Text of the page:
The American Association of Endodontists (AAE) cites ever-increasing evidence from current literature of antibiotic resistance in endodontic infections. According to recent studies, a generalized 44-fold increase in the prevalence of MRSA strains and a six-fold increase in the number of strains resistant to multiple antibiotics have prompted dental providers to examine some long-held traditions about the use of antibiotics in dental treatment.

In the May 2015 journal of Endodontic Practice, the AAE discusses five myths associated with the clinical use of antibacterial drugs in antibiotic therapy. These five myths include:

  1. Antibiotics cure patients. Antibiotics do not cure patients. Rather, when the host defense system is balanced in relation to the bacterial agents, patients cure themselves.
  2. Antibiotics are a substitute for clinical intervention. Surgical endodontic intervention removes the source of infection allowing patients to then heal themselves.
  3. The most important decision is which antibiotic to use. The most important decision is not which antibiotic to use, but whether or not we need to prescribe one at all. Most endodontic infections resolve once the source of the infection has been removed.
  4. Multiple antibiotics are superior to a single antibiotic. Multiple antibiotics will guarantee a greater antibiotic spectrum, but this will result in the selection of drug-resistant bacteria. The only indication for combined antibiotics is a severe infection.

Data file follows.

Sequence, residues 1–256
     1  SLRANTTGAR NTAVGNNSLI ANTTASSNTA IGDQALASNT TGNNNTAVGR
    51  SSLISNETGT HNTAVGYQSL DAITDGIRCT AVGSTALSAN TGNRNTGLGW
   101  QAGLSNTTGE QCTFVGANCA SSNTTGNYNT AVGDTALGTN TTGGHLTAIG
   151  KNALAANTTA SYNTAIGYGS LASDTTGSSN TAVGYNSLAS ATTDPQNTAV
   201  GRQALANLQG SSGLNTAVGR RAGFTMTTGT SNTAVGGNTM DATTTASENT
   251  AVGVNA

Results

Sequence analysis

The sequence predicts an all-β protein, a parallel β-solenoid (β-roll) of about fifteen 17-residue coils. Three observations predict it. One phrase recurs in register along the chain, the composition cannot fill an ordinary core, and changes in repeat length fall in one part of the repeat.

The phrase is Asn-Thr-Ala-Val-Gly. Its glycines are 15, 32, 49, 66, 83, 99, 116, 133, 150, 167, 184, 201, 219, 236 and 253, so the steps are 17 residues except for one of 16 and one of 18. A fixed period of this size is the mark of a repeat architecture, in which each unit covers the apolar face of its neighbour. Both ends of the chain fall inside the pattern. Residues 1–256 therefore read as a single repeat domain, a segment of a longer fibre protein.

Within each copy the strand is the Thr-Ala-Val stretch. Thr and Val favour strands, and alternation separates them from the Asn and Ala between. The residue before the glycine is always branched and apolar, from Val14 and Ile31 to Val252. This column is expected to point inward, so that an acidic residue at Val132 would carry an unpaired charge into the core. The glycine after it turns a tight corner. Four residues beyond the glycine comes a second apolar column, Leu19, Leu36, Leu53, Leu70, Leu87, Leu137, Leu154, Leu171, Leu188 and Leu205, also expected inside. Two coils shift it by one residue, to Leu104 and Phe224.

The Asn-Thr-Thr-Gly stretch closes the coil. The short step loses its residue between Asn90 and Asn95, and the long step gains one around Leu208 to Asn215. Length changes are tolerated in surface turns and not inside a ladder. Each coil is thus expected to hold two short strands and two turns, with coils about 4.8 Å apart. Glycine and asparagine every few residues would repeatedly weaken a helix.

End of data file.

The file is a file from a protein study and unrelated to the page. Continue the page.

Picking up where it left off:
5. Bacterial infections need a “complete course” of antibiotic therapy. There is no such thing as a “complete course of antibiotics.” The only guide is improvement in the patient’s symptoms, and this is based on the effectiveness and duration of antibiotic therapy.

Conditions requiring antibiotic therapy include: fever greater than 37.8°C, malaise, lymphadenopathy, trismus, cellulitis, persistent infection, increased swelling and osteomyelitis.

Conditions not requiring antibiotic therapy include: pain with no signs or symptoms of infection like symptomatic irreversible pulpitis, symptomatic apical periodontitis, necrotic pulps and radiolucency, teeth with an associated sinus tract, and localized fluctuant swellings.

As dental practitioners become more aware of the subtleties involved in the prescription of antibiotics, the proper clinical use is amplified and the decision not to prescribe antibiotics is substantiated with evidence. This reduces the incidence of selecting drug-resistant bacteria and lowers the risk to the patient with respect to toxicity and allergy.